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Male-female Coevolution in Bruchid seed beetles
Uppsala universitet.
2009 (English)Doctoral thesis, comprehensive summary (Other academic)
Abstract [en]

Male-female coevolution is at the heart of biology. It is responsible for much of the diversity we see in behaviour and morphology, and it is thought to be an important engine of speciation. The pattern of intersexual coevolution is well established in many taxa, yet understanding of the processes responsible for male-female coevolution remains incomplete. By studying interspecific variation within a closely related group of species, we can gain important information about how traits and behaviours have evolved. In the work done for this thesis, we studied a group of seed beetle species. Our results show that male-female coevolution has been a strong force in shaping both behaviour and morphological traits that are associated with mating and reproduction such as, morphology of male and female genitalia and remating behaviour. The evolution of harmful male genitalia has often been suggested to be a product of sexually antagonistic coevolution, but understanding of these extraordinary adaptations is limited. By combining comparative and experimental methods we show that as seed beetle males evolve more spiny genitalia, harm to females is elevated. We provide evidence for the correlated evolution between these antagonistic adaptations in males, and a female counter adaptation (the amount of connective tissue in the copulatory duct). We also demonstrate that imbalance of relative armament of the sexes affects evolution of the costs and benefits of reproduction. As males evolve genitalia that are more harmful relative to the level of female counteradaptation, costs associated with mating for females increase and population fitness is depressed. Our results unveil a coevolutionary arms race between the sexes and are consistent with a proposed link between sexual conflict, species’ viability and the risk of extinction.

Place, publisher, year, edition, pages
Uppsala: Acta Universitatis Upsaliensis , 2009. , 38 p.
Series
Digital Comprehensive Summaries of Uppsala Dissertations from the Faculty of Science and Technology, ISSN 1651-6214 ; 614
National Category
Biological Sciences
Research subject
Animal Ecology
Identifiers
URN: urn:nbn:se:su:diva-61566ISBN: 978-91-554-7444-7 (print)OAI: oai:DiVA.org:su-61566DiVA: diva2:436337
Public defence
(English)
Opponent
Supervisors
Available from: 2011-08-31 Created: 2011-08-23 Last updated: 2011-08-31Bibliographically approved
List of papers
1. Evolutionary diversification of the bean beetle genus Callosobruchus (Coleoptera: Bruchidae): Traits associated with stored-product pest status
Open this publication in new window or tab >>Evolutionary diversification of the bean beetle genus Callosobruchus (Coleoptera: Bruchidae): Traits associated with stored-product pest status
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2006 (English)In: Molecular Ecology, ISSN 0962-1083, E-ISSN 1365-294X, Vol. 15, no 12, 3541-3551 p.Article in journal (Refereed) Published
Abstract [en]

Despite the fact that many plant-feeding insects are pests, little effort has been paid to elucidating key evolutionary trait transitions that allow taxa to acquire or lose pest status. A large proportion of species in the genus Callosobruchus are economically important pests of stored, dry post-harvest beans of the tribe Phaseoleae. However, the evolution of this feeding habit is poorly understood. Here, we present a reconstruction of the phylogeny of the Asian and African Callosobruchus based on three mitochondrial genes, and assess which traits have been associated with the evolutionary origin or loss of ability to reproduce on dry beans. Our phylogenetic analysis showed that species group into the chinensis and the maculatus clades, which are also supported by genital morphology, and an additional paraphyletic group. Ancestral ability to use dry beans has been lost in the chinensis clade but acquired again in C. chinensis. Dry-bean use and host-plant use were both phylogenetically constrained and transitions in the two were significantly correlated. Host shifts from the subtribe Phaseolinae to Cajaninae were more common than the reverse and were more likely in species using young beans. Ability to use dry beans was more likely gained when using Phaseolinae hosts and promoted habitat shifts from tropical to temperate regions. Adaptation to arid climate was associated with ability to reproduce on dry beans and on Phaseolinae. Thus, our analysis suggests that physiological adaptations to arid season and to Phaseolinae hosts both render beetles predisposed to become pests of cultivated beans.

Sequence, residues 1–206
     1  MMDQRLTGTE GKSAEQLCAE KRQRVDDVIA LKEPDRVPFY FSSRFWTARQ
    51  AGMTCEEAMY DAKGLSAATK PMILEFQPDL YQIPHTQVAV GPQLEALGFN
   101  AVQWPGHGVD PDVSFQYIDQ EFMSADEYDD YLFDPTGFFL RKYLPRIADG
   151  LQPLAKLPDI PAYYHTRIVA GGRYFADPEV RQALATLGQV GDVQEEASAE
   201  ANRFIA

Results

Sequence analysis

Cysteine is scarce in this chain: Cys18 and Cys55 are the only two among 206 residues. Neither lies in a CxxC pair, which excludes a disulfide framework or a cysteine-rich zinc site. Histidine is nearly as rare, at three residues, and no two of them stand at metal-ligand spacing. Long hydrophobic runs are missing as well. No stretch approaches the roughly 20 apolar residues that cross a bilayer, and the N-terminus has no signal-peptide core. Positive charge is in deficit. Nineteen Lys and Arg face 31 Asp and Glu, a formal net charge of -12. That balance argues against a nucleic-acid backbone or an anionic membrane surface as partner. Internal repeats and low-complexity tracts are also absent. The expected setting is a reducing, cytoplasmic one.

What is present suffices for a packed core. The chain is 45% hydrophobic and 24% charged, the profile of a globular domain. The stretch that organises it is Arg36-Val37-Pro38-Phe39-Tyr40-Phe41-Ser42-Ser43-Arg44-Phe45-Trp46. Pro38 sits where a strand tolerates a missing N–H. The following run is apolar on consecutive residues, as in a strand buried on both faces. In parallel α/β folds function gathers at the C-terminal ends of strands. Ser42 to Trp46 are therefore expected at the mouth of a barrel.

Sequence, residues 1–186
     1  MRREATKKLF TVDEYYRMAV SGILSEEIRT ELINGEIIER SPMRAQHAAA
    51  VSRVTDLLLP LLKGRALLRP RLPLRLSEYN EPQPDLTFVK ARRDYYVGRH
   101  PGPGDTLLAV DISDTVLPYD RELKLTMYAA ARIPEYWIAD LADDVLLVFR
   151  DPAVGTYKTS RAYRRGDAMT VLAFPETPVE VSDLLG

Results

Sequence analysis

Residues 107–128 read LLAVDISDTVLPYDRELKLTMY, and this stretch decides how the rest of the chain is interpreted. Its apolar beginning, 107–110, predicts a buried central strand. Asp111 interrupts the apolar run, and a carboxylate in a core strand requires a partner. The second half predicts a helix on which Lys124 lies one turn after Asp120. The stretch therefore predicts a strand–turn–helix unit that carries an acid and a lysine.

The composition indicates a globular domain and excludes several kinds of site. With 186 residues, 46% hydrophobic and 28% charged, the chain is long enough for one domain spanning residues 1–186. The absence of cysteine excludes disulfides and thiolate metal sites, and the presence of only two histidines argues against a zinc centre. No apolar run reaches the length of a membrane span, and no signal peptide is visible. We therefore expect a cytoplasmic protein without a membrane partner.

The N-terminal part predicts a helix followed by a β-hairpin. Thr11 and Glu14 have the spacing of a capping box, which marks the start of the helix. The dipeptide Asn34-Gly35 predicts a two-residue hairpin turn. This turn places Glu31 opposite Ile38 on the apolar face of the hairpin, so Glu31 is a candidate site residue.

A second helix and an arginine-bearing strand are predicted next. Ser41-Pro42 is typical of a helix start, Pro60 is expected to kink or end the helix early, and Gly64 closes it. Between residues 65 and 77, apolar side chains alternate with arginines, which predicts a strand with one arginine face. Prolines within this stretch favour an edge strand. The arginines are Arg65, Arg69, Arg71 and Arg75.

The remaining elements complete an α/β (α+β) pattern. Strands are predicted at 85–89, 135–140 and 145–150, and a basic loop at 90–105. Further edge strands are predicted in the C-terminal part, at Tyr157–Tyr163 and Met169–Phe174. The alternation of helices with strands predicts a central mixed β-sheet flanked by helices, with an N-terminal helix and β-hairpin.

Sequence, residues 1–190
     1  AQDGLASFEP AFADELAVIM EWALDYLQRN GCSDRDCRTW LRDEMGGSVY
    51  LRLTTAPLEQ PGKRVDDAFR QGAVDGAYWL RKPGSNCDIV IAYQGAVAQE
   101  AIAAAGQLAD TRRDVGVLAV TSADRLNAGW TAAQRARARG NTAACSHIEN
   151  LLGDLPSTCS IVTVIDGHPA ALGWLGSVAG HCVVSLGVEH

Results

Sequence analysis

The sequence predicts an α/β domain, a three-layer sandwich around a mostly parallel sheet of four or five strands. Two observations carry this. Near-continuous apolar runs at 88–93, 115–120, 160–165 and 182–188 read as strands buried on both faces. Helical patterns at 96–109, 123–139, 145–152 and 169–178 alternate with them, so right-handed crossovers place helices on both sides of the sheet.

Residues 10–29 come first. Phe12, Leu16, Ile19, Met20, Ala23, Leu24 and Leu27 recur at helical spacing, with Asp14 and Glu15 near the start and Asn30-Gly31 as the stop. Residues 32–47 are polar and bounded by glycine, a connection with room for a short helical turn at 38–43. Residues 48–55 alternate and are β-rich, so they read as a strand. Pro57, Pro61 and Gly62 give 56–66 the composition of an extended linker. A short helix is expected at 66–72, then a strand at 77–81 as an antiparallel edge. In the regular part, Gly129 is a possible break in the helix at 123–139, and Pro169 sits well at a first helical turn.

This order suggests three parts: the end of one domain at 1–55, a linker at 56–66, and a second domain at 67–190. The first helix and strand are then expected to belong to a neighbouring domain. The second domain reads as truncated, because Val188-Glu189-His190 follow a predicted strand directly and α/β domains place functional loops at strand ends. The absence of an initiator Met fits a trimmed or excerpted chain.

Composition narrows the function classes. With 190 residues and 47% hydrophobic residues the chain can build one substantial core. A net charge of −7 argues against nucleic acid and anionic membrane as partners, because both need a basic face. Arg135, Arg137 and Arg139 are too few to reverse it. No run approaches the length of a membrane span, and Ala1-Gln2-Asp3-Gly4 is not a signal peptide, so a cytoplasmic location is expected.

Keyword
Bayesian inference, COI and COII, Fabaceae, host-plant shift, plant-herbivore interactions, Wolbachia
National Category
Biological Sciences
Identifiers
urn:nbn:se:su:diva-61559 (URN)10.1111/j.1365-294X.2006.03030.x (DOI)
Available from: 2011-08-23 Created: 2011-08-23 Last updated: 2017-12-08Bibliographically approved
2.
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3. Interspecific variation in ejaculate allocation and associated effects on female fitness in seed beetles
Open this publication in new window or tab >>Interspecific variation in ejaculate allocation and associated effects on female fitness in seed beetles
2008 (English)In: Journal of Evolutionary Biology, ISSN 1010-061X, E-ISSN 1420-9101, Vol. 21, no 2, 461-470 p.Article in journal (Refereed) Published
Abstract [en]

When ejaculates are costly to produce, males are expected to allocate their ejaculate resources over successive matings in a manner that optimises their reproductive success. Theory predicts that two factors should affect optimal ejaculate allocation: the sperm competition regime and variation in female fecundity. In seed beetles (Bruchidae), ejaculates vary in size across species from weighing a few, up to as much as twelve percent, of male body weight. Ejaculates in this group contain not only sperm but also a range of additional substances and it has been proposed that females gain benefits from receiving large ejaculates. Male ejaculate allocation may thus affect female fitness and, indirectly, his own reproductive output. Here, we first measured how males allocate ejaculates over successive matings in seven seed beetle species. We then assessed how this allocation affected female fitness. We found that ejaculate weight drops dramatically over successive matings in some species but not in others. This interspecific variation in ejaculate allocation pattern was matched with extensive variation in the effects of ejaculate allocation on female fitness. Species varied both in terms of the size of the effect of male mating history on female fitness and in terms of which female fitness components were affected. In summary, despite the fact that the species included in this study are closely related, interspecific variation in ejaculate allocation patterns and their effects on female fitness was remarkably large. We discuss the possible causes of this variation and its implications for male-female coevolution.